Mississippi’s Department of Public Safety Refuses to Buy Nike Products Following Kaepernick Ad

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The public safety commissioner of Mississippi announced on Saturday that state officers will discontinue purchasing Nike merchandise because of the company’s new advertisement campaign.

The athletic apparel company’s new ad featuring former NFL player Colin Kaepernick continues to draw criticism nationally, and Commissioner Marshall Fisher added his voice to the chorus of those on the right who say Nike’s alliance with the former San Francisco 49ers quarterback is unpatriotic.

Marshall Fisher
Mississippi Department of Public Safety Commissioner Marshall Fisher (left) joins a long line of public officials who have decried Nike for making former San Francisco 49ers quarterback Colin Kaepernick the face of its 30th anniversary “Just Do It” ad campaign. (Photo credits: Clarion Ledger, left; Justin Sullivan/Getty Images, right)

“As commissioner of the Department of Public Safety, I will not support vendors who do not support law enforcement and our military,” Fisher stated to the Associated Press.

Lieutenant Gov. Tate Reeves seconded the commissioner’s decision and disagreed with Nike’s choice to use Kaepernick as the face of their “Just Do It” ad.

“By supporting the NFL protests, Nike is making it clear that they would rather stand with those who show contempt for our country over those who defend it,” said Reeves.

However, Fisher is facing backlash from Democratic state officials and the Mississippi American Civil Liberties Union chapter.

“These are the people that are representing all Mississippians,” the ACLU stated on Twitter Saturday morning. “These are the people that are creating policy that impact all of our lives. These are the people that took an oath to uphold the Constitution. Yet they refuse to understand what equality, justice, and accountability means. This petty decision is just another show of racism, discrimination, stupidity, inequity, and divisive politics.”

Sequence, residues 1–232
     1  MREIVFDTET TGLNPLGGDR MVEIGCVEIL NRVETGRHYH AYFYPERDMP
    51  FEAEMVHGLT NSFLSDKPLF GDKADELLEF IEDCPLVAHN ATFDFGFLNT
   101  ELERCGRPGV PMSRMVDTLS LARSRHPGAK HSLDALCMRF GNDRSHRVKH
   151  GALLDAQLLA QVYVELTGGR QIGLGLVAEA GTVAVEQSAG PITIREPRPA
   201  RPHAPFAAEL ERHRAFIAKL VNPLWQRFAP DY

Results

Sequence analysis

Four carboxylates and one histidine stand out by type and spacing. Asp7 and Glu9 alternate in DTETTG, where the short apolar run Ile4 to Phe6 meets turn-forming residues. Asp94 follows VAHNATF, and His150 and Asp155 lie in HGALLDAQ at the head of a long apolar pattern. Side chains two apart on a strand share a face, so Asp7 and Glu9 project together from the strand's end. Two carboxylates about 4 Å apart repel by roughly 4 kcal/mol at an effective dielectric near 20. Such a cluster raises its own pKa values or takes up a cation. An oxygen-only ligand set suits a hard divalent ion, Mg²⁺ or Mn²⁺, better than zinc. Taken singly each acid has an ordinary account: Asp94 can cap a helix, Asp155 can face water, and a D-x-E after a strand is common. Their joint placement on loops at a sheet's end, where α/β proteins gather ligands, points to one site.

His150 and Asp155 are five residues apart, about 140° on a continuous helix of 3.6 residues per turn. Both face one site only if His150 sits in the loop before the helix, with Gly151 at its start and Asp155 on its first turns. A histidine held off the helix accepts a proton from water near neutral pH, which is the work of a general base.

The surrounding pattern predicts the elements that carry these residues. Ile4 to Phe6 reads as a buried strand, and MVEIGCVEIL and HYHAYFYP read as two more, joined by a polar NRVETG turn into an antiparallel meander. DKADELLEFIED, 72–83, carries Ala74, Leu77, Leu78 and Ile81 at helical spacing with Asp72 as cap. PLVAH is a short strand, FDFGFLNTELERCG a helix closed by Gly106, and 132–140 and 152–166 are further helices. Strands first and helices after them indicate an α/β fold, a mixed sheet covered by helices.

The state’s department of public safety purchased Nike apparel and uniforms for their police officers in the past according to Warren Strain, the department’s spokesman.

Mississippi Governor Phil Bryant agreed with Fisher’s decision and said the commissioner has every right to decide which vendors to do business with. Bryant added that “it’s not going to be a company that pays an individual who has slandered our fine men and women in law enforcement.”

Nike’s controversial ad supporting Kaepernick’s NFL protests has drawn criticism from prominent politicians ranging as high as, President Trump who tweeted, “What was Nike thinking?”

However, Nike’s sales are at an all-time high and its stock price has surged over 30 percent since the airing of the ad on Sept. 5.

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